Oscar Snubs 'Blackfish,' but the Film's Anti-Captivity Message Lives On

Fans and killer whale advocates are dismayed that the documentary about orcas in captivity did not make the final cut of nominees for best feature documentary.

Oscar Snubs 'Blackfish,' but the Film's Anti-Captivity Message Lives On

(Photo: Gerardo Mora/Getty Images)

David Kirby has been a professional journalist for 25 years. His third book, Death at Seaworld, was published in 2012.

Early this morning, actor Chris Hemsworth read out the Oscar nominations in some dimly lit conference hall in Los Angeles. Although Blackfish was featured on the short list of 15 documentaries announced last month, the Academy of Motion Picture Arts and Sciences ultimately snubbed it. But the film will live on as one of the most powerful and moving documentaries of our time. And it will continue to haunt SeaWorld's dreams.

Fans and orca advocates are expressing shock and dismay that the documentary about killer whales in captivity—and three-time killer Tilikum in particular—did not make the final cut of five nominees for best documentary feature.

Still, director Gabriela Cowperthwaite has given the world an invaluable gift that people will be talking about for years. Watched by more viewers than any other documentary last year and scheduled to air again this month on CNN, Blackfish has turned SeaWorld's world upside down and brought new urgency to the debate over the ethics of keeping large, sentient animals in tiny tanks to do inane tricks for food.

Documentaries are supposed to make us think. The best ones make us change, and that is what Blackfish will continue to do. If awards were based on influence, it would win all of them.

Thanks to the film, an untold number of people will no longer visit SeaWorld or other venues that keep orcas in captivity. The media, once largely indifferent to the issue, except when Tilikum killed Orlando trainer Dawn Brancheau almost four years ago, have woken from their stupor to report on the honest (if heated and often vitriolic) debate that is taking place in the country. The fallout will only increase as every detail of SeaWorld's once-shining reputation is reported on in depth.

It is daunting to recount all of the milestones that Blackfish achieved in 2013, but following is a short list:

• Last January, at the Sundance Film Festival, a huge stir and a bidding war broke out for the film's rights, which went to CNN Films.

• A hugely successful run on CNN broke all kinds of viewing records, including among the young demographic of 18–34 year olds, who have devoured the film's message.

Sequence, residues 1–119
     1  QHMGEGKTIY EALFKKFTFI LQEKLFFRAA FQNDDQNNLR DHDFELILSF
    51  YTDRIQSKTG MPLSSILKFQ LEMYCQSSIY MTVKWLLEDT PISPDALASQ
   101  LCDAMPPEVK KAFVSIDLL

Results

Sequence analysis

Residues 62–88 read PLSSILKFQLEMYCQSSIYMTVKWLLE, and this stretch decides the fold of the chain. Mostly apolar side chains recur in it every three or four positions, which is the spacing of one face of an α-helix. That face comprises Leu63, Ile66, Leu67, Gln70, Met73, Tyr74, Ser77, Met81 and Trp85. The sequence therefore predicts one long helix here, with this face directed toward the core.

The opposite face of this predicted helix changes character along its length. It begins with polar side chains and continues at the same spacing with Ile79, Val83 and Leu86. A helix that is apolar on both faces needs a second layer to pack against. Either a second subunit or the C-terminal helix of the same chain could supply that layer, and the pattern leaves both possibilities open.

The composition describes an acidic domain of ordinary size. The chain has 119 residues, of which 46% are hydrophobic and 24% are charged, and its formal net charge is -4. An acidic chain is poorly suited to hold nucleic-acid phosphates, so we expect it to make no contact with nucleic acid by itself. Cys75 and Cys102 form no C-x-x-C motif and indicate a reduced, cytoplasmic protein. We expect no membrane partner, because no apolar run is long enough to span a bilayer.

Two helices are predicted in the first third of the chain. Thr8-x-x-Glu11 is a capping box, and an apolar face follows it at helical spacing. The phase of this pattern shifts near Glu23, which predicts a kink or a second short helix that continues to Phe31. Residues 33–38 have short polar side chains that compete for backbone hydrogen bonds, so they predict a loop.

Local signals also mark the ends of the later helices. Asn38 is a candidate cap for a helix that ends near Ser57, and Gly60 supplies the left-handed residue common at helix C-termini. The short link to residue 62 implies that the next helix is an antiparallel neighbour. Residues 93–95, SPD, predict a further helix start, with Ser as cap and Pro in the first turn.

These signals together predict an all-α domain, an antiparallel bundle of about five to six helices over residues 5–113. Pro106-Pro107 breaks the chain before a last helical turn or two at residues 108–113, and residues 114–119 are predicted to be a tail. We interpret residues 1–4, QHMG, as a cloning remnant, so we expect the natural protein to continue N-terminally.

• Nine musical acts that were slated to perform in a concert series at SeaWorld in Orlando next month, including Willie Nelson and Barenaked Ladies, canceled.

• There have been widely reported protests over Southwest Airlines' business partnership with SeaWorld.

High school students in San Diego, SeaWorld's California backyard, produced a stunningly simple, powerful, widely viewed documentary.

• There were protests and arrests at the Thanksgiving Day parade in New York and the Rose Parade in Pasadena over a SeaWorld float celebrating whales in tanks.

• In December, park staff stuffed the electronic ballot box of an online poll sponsored by the Orlando Business Journal asking if Blackfish had changed people's mind about SeaWorld. In a subsequent investigation of the poll, journalist Richard Bilbao discovered that 54 percent of the votes came from one IP address, which was located inside SeaWorld.

The film continues to inspire and rattle in the New Year. The documentary not only was nominated for a BAFTA, the British equivalent of the Oscars, but also was the impetus for a last-minute cancellation of the entertainment company’s 50th birthday party this week by a trendy Manhattan restaurant.

Blackfish is neither gone nor forgotten, even without an Academy Award nomination. As Kimberly Ventre, an anti-captivity advocate and sister of former SeaWorld trainer and Blackfish cast member Jeffrey Ventre, put it in an email to me this morning:

“This is a documentary that has...contributed greatly to a worldwide movement. The movie wasn't made for awards...it was made to tell the truth. The truth is what is moving people across the globe.”

“And now the big winner is the planet and cetaceans everywhere,” she continued, “thanks to Gabriela and all of the truth tellers.”

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